According to a recent report on NPR, the solution for some of these breweries is to build new breweries in other locations across the country. New Belgium and Sierra Nevada are both building breweries in North Carolina, for instance. This expansion allows the breweries to continue crafting small-batch beers (or at least "small" as compared to mass-produced Bud and Miller) while still meeting the demand in markets far from their main breweries.
But this kind of solution poses other problems. The NPR report points out that water is a big factor in the flavor and character of a craft beer, so will these expansion breweries chemically treat their North Carolina water to duplicate the water sources around which their beers were originally crafted? Does this start to veer away from the idea of a locally-produced craft beer? As long as the quality of the beer remains consistent, does it really matter?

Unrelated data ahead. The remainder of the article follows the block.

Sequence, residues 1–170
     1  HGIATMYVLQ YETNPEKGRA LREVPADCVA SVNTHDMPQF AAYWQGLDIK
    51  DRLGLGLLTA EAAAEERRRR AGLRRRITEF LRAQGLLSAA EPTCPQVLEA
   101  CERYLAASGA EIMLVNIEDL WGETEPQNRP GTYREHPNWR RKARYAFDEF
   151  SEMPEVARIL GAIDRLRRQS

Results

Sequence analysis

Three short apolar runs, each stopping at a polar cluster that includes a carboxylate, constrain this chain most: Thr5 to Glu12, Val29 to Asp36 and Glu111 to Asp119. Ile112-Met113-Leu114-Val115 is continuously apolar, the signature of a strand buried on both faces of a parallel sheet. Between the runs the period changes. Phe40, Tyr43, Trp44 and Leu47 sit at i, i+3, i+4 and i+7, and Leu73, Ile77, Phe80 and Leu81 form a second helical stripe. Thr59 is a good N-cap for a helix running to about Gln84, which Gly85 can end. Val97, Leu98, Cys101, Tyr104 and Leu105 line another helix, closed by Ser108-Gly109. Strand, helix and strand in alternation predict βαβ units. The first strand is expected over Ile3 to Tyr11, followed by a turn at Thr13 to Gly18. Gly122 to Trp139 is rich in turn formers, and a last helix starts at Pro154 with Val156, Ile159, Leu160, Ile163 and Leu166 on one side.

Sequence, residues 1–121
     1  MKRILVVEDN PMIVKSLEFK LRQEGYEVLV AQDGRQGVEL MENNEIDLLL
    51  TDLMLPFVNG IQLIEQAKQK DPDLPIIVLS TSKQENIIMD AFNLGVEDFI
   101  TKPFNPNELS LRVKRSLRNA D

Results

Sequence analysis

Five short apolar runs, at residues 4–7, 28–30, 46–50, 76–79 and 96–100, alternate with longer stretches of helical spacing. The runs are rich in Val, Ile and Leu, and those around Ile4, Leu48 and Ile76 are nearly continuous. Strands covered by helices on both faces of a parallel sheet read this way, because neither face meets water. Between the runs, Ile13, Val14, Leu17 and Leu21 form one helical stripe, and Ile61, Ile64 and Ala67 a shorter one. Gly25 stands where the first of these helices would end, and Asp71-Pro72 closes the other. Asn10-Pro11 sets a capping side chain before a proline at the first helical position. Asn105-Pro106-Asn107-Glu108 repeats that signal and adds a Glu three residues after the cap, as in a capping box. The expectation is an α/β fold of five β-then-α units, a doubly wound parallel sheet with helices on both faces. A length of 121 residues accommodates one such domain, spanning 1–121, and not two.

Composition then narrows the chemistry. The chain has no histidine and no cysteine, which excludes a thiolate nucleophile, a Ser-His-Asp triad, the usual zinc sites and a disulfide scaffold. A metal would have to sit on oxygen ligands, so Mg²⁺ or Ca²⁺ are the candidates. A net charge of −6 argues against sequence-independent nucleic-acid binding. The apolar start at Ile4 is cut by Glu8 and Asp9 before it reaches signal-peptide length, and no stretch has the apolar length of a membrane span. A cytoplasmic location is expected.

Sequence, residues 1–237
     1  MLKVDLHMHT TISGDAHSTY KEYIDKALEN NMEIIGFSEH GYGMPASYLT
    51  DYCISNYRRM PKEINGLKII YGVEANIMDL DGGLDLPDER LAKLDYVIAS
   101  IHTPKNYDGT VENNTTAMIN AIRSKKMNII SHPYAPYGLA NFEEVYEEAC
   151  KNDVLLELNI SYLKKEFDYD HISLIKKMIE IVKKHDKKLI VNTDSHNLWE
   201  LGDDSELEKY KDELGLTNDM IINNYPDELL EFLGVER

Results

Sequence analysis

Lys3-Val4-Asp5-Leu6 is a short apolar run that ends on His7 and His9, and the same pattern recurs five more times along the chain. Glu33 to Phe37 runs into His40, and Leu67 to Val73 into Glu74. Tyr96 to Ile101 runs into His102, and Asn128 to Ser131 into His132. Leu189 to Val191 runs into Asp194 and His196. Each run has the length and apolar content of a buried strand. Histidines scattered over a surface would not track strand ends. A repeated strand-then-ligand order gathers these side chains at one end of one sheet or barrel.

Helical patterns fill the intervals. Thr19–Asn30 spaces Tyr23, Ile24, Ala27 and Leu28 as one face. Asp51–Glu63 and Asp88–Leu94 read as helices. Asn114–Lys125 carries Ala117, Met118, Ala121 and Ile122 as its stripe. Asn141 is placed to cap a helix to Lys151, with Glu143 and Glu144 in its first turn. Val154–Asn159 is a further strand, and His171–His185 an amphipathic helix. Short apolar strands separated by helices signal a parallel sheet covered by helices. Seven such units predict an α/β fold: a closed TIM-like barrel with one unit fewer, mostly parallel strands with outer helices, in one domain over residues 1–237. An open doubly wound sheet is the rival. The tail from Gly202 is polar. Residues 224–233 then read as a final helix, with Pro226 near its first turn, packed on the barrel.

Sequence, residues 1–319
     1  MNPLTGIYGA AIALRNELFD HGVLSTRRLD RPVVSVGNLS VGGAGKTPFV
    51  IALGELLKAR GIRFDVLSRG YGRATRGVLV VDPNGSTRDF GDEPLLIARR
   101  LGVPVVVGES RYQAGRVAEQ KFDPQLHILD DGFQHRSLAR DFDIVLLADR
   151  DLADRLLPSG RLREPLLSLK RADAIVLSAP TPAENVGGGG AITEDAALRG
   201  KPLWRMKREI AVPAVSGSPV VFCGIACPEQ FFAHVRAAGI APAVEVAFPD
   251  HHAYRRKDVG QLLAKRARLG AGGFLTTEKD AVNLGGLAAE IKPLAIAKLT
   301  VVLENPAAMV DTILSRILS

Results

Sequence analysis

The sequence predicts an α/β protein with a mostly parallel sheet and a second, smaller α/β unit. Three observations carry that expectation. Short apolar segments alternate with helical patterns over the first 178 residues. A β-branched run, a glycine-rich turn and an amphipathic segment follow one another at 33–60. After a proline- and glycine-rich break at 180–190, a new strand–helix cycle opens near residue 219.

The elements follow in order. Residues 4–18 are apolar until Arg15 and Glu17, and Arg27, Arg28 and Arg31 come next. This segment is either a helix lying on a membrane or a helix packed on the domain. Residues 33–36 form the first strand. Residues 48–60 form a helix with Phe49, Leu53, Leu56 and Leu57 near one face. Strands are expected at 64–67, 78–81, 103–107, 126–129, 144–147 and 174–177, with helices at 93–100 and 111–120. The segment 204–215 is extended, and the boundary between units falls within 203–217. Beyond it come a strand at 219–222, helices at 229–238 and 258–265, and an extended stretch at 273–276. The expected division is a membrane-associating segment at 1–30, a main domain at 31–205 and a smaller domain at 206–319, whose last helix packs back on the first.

These are some big questions, and new ones for many craft breweries who have merely been scraping by up until now. The craft beer boom in the past ten years has created the kind of demand — and potential profits — that Ken Grossman of Sierra Nevada and Jim Koch of Sam Adams could only dream of back in the 80's. It will be interesting to see how these craft breweries deal with their newfound popularity and corresponding demand.
Is the only choice to stay small and crafty, or is it possible to go big and crafty, too? What do you think?
• Read the Article: To Grow a Craft Beer Business, the Secret's in the Water by Bill Chappell
Related: Can Craft Beer Save the Economy?
(Image: Emma Christensen)